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The curve of the coronavirus pandemic will likely flatten sooner or later; the upward curve of authoritarianism that has effectively used the pandemic and associated lockdown measures may take much longer to do the same. In India, the government converted a health crisis into a law-and-order issue, and democratic governance slid into a police raj. The pandemic has helped the executive cover up misadventures with economic and foreign policies and gain unchallenged authority under a narrative of protecting citizens.

In the Indian case, the battle against the pandemic cannot be separated from the battle to regain democracy, the rule of law, constitutionalism, and human rights. Indian civil society has intensified its actions and been at the forefront of the struggle; in short, the pandemic has been a game changer for civic activism. A revival of democracy is needed to underpin this resurgence of civic action.

Activists Under Attack

The coronavirus hit India gradually but severely. The country had become a global hot spot for the disease by September 2020, when India was registering close to 100,000 new cases a day with an exponentially rising curve of infections that reached 6 million.1Many factors have contributed to India’s particular struggles with the disease: a large population, high-density urban dwellings that do not allow for physical distancing, and the fact that India’s impoverished majority simply does not have the option of sitting at home to ride out the pandemic.

The Indian government was slow to react. Although the earliest case of the coronavirus in India was detected in late January 2020, there was no stringent government advice of any sort for the public throughout February and well into March. Many mass religious congregations and social gatherings were still allowed, and business went on as usual. International arrivals were not screened or quarantined, and Indian Prime Minister Narendra Modi himself hosted U.S. President Donald Trump in a large public gathering in the state of Gujarat.2Exactly a month later, on March 24, 2020, Modi announced a countrywide lockdown.3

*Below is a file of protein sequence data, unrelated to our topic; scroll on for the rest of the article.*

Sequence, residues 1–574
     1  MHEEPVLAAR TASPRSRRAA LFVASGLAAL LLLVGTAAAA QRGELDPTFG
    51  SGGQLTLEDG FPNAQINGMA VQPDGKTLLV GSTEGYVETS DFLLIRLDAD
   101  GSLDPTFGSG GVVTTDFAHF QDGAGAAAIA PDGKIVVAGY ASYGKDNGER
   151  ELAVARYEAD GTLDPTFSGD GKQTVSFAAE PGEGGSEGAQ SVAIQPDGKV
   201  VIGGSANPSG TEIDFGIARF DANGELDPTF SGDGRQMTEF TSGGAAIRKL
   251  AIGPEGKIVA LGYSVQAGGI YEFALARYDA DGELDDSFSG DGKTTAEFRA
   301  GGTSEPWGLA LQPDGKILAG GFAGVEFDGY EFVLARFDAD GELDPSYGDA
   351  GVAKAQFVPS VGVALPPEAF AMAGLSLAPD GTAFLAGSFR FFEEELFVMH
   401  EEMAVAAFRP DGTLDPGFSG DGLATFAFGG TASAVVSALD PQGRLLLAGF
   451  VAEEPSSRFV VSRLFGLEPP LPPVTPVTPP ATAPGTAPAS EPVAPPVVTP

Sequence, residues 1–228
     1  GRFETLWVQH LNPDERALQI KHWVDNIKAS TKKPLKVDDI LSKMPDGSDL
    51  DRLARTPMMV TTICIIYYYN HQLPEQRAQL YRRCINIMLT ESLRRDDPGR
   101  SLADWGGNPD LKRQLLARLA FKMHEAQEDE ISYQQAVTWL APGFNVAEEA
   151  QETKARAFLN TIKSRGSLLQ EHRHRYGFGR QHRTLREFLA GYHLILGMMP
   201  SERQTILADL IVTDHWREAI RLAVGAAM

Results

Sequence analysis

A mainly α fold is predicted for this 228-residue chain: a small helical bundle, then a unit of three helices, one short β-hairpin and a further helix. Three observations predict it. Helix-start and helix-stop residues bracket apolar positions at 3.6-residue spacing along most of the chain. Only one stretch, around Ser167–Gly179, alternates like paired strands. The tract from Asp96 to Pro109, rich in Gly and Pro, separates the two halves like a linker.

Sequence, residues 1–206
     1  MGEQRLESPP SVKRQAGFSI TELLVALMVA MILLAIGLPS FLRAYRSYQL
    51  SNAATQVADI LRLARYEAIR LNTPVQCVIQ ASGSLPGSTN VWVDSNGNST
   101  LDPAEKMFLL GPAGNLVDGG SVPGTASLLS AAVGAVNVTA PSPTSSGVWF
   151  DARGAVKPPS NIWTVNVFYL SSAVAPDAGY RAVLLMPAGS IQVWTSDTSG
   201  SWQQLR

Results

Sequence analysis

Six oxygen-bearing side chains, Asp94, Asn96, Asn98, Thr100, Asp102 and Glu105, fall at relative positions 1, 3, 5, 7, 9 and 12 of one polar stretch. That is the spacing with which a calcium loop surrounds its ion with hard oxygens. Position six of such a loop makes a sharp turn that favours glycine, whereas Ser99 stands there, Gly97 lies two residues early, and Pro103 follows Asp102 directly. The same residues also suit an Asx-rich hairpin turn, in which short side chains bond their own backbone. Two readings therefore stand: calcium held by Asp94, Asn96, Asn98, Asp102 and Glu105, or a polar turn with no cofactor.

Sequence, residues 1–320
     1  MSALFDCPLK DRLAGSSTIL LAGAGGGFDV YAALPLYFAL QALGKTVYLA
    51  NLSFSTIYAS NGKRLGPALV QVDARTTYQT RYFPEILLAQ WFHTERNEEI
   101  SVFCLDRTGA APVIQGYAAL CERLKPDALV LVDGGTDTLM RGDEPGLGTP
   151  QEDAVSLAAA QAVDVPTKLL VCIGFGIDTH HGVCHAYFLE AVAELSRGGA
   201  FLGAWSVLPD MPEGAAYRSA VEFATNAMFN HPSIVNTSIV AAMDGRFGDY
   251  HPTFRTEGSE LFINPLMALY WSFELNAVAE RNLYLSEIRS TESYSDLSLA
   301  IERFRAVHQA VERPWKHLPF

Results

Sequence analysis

Having reacted late, the government moved quickly into an authoritarian response mode. It amended the 1897 Epidemic Diseases Act to expand the powers of the central government. The police began intervening on the streets with striking brutality. Left with no income, migrant workers started returning to their hometowns en masse; the police were on the highways and roads harassing, abusing, and detaining thousands of these destitute workers.4At the same time, a handful of pro-government media houses ran a campaign blaming the Muslim community and, in particular, a sect called Tablighi Jamaat for spreading “corona jihad” in India.5

Vijayan MJ
Vijayan MJ is an independent researcher and writer associated with The Research Collective and the Centre for Financial Accountability in New Delhi, India. He is also the secretary general of the India Chapter of the Pakistan India Peoples’ Forum for Peace and Democracy. He is a member of the Carnegie Civic Research Network.

The authoritarian drift entailed a direct attack on civil society. The government used the lockdown to clamp down on protests against the controversial, religion-based Citizenship Amendment Act (CAA)—the so-called anti-CAA protests, which had been raging since November 2019.6 A violent crackdown on Muslim and Dalit leaders engendered widespread criticism of the government. Anti-Muslim violence in February 2020 killed fifty-three people.7 The Delhi Minority Commission reported that the Muslim minority community had suffered extensive damage to property and economic losses.8 Despite leaders of the ruling Bharatiya Janata Party (BJP) being directly linked to the incitement of violence, no inquiry was initiated.9 Instead, young Muslims and supporters from women’s groups like Break the Cage were jailed.10

A wider witch hunt began against leading civil rights activists, linking them to violence at a 2018 celebratory gathering in the village of Bhima Koregaon.11 Well-known human rights defenders and public intellectuals like Anand Teltumbde, Gautam Navlakha, and Hany Babu were arrested. Activists were jailed under the draconian Unlawful Activities (Prevention) Act, which gives the government and police the absolute authority to declare individuals or organizations to be terrorists and detain them without bail for months or even years.12 The act was amended in 2019 for these purposes by the Indian parliament, in which the ruling coalition enjoys a clear majority.13

More specifically, the government introduced new restrictions on civil society activism related to the disputed territory of Jammu and Kashmir and to rising tensions with Pakistan and China. The national government and many media houses took the threat of war as an opportunity to divert attention away from poor governance and the failure to curb the pandemic. The government used military casualties—like the June 2020 Galwan Valley tragedy, in which twenty Indian soldiers were killed by the Chinese People’s Liberation Army—and so-called coffin nationalism to promote chest-thumping about a strong ruler and sacrificial armed forces.14